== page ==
According to the National Highway Transportation Safety Administration (NHTSA), texting while driving is six times more dangerous than while driving while under the influence of drugs or alcohol.
The Transport Research Laboratory found that writing a text message slows driver reaction time by 35% while driving with a Blood Alcohol Content (BAC) of .08% only slows driver reaction time by 12%.
And even though most drivers know that distracted driving is dangerous, a DriversEd.com survey shows that more than half of all drivers admit to texting while driving.
We all know that driving requires concentration, and that distracted driving is dangerous. Because of the dangers associated with distracted driving, texting while driving is illegal in 48 states, Washington, D.C., and Puerto Rico.
However, distracted driving laws can be unclear and confusing, especially when we consider that many cell phones include GPS functions, hands-free, and voice-to-text technology, and that using these features while driving is not illegal.
In North Carolina, it is illegal to “operate a vehicle on a public street or highway or public vehicular area while using a mobile telephone to (1) Manually enter multiple letters or text in the device as a means of communicating with another person; or (2) read any electronic mail or text message transmitted to the device or stored within the device…” N.C.G.S.§ 20-137.4A.
The statute makes exceptions for GPS and voice-operated technology.
Violating this statute can lead to fines and penalties, especially for bus drivers and commercial truck drivers.
But in order to charge you with violating North Carolina’s texting while driving law, police officers must have reasonable suspicion and probable cause to believe that you broke the law.
In State v. Dalton, a North Carolina appellate court ruled on whether a police officer had reasonable suspicion to stop a driver under suspicion of texting while driving.
In Dalton, a police officer observed a “more prevalent” glow coming from the suspect’s vehicle and discovered that the glow was coming from a cellular device held by the driver and sole occupant of the car. The police officer suspected the driver was texting while driving and initiated a traffic stop.
When questioned by the officer, the driver explained that he was using a mapping application. But when the driver showed the officer his phone, it immediately opened to a texting screen.
When the officer returned to his vehicle, the suspect fled the scene at a high rate of speed.
After being ordered to discontinue a high-speed chase, the officer returned to the police station to confirm the identity of the suspect. He discovered that the suspect’s driver’s license had been revoked and secured a warrant for his arrest.
Before trial, the defendant moved to suppress evidence obtained during the traffic stop that identified him as the driver of the vehicle. The court denied the motion, finding that the police officer had reasonable suspicion to stop the vehicle and investigate further.
At trial, the defendant was found guilty of fleeing to elude the police, but not guilty of texting while driving.
The defendant appealed, challenging whether the police officer had reasonable suspicion to believe he was committing the crime of texting while driving.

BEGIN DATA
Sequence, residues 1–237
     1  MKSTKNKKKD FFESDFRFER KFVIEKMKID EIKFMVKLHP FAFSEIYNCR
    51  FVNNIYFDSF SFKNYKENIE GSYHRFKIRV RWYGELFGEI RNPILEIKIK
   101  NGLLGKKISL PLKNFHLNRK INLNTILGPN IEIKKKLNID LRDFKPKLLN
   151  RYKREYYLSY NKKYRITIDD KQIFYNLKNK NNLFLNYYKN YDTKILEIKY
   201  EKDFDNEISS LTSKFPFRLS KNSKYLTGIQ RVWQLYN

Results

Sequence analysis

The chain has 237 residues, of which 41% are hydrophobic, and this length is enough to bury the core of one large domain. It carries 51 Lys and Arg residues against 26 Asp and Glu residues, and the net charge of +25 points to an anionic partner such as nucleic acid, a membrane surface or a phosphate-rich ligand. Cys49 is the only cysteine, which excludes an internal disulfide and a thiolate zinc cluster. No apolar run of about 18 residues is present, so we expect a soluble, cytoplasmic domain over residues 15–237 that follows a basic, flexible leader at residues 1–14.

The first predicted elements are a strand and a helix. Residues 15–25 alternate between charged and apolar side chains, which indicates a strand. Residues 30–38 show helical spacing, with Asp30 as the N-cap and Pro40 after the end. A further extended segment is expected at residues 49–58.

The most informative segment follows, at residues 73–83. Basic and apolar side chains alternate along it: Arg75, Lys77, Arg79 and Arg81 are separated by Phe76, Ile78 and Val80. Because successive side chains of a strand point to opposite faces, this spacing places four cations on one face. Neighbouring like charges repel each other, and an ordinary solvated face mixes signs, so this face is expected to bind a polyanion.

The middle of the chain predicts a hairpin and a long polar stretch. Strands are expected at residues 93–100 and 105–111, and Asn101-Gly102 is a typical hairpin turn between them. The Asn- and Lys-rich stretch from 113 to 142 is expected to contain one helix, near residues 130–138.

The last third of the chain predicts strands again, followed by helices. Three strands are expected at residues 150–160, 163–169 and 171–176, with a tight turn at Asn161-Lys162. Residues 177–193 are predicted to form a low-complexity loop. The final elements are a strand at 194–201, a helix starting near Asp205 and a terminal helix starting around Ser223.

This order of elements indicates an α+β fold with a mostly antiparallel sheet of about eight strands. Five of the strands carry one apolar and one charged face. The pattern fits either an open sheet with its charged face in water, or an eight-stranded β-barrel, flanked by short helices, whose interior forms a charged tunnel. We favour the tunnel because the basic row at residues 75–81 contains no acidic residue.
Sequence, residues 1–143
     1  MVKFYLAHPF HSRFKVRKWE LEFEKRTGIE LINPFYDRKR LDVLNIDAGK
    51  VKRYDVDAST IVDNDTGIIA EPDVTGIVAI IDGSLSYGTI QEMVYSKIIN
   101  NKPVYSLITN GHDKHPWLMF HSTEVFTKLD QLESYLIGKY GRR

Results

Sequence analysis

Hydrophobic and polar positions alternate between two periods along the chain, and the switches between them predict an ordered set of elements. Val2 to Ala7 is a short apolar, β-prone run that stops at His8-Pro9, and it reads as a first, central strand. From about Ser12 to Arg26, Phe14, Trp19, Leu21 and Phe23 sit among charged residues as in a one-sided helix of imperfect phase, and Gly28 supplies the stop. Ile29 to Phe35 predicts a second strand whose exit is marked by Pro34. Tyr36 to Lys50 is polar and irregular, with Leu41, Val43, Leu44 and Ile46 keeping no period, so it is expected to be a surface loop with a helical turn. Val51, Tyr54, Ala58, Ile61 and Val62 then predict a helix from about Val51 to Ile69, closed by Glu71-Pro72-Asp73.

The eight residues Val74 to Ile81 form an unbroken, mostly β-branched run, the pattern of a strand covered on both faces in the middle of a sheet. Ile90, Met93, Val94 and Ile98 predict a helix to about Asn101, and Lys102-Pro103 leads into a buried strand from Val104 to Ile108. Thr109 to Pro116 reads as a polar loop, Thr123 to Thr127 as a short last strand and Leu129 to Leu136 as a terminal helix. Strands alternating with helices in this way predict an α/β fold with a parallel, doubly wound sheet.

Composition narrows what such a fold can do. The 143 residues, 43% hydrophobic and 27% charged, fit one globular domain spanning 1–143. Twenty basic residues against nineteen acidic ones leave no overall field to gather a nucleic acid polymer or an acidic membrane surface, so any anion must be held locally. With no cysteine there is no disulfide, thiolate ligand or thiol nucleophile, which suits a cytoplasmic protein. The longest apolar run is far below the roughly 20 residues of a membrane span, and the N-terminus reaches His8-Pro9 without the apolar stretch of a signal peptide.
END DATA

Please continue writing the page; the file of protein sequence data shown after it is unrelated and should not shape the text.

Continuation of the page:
On appeal, the defendant argued that using a cell phone while driving is not a criminal offense and that the traffic stop was illegal because he was not engaged in criminal activity.
Ultimately, the court found that requiring a police officer to confirm the specific use of a mobile device to establish reasonable suspicion is too high a burden and would essentially mean requiring proof beyond a reasonable doubt to initiate a traffic stop. The court found that it would be unlikely that a police officer would be able to definitively determine the specific use of the cellular device before initiating a traffic stop.
Even though texting while driving is a minor traffic infraction, paying the fine is an admission of guilt.
And while texting while driving is illegal, drivers over age 18 are allowed to talk on a cell phone while driving. And there are numerous other legal reasons for using a mobile device while driving.
Even though a conviction for texting while driving conviction will not add points to your license or increase your car insurance rates, you have the right to challenge a charge of texting while driving, especially if you believe there is no basis for the ticket.
Although texting while driving will not negatively impact your driving record on its own, if you receive another traffic violation in combination with a texting while driving ticket, an experienced traffic ticket defense lawyer can help get the charges reduced and minimize the likelihood of a license suspension.
From our offices in Salisbury, North Carolina, the Stowe Law Firm, PLLC offers a free consultation on Salisbury traffic tickets, as well as tickets throughout Rowan County, Mecklenburg County, Davidson County, Cabarrus County, and Stanly County.
Learn more about North Carolina criminal defense attorney Ryan Stowe and his criminal defense team and the cases we handle, get answers to Frequently Asked Questions, and contact us today to schedule a confidential consultation to discuss your case.
Working with the Stowe Law Firm is convenient because in most cases we can go to court on your behalf. You do not need to appear in traffic court if you hire our law firm.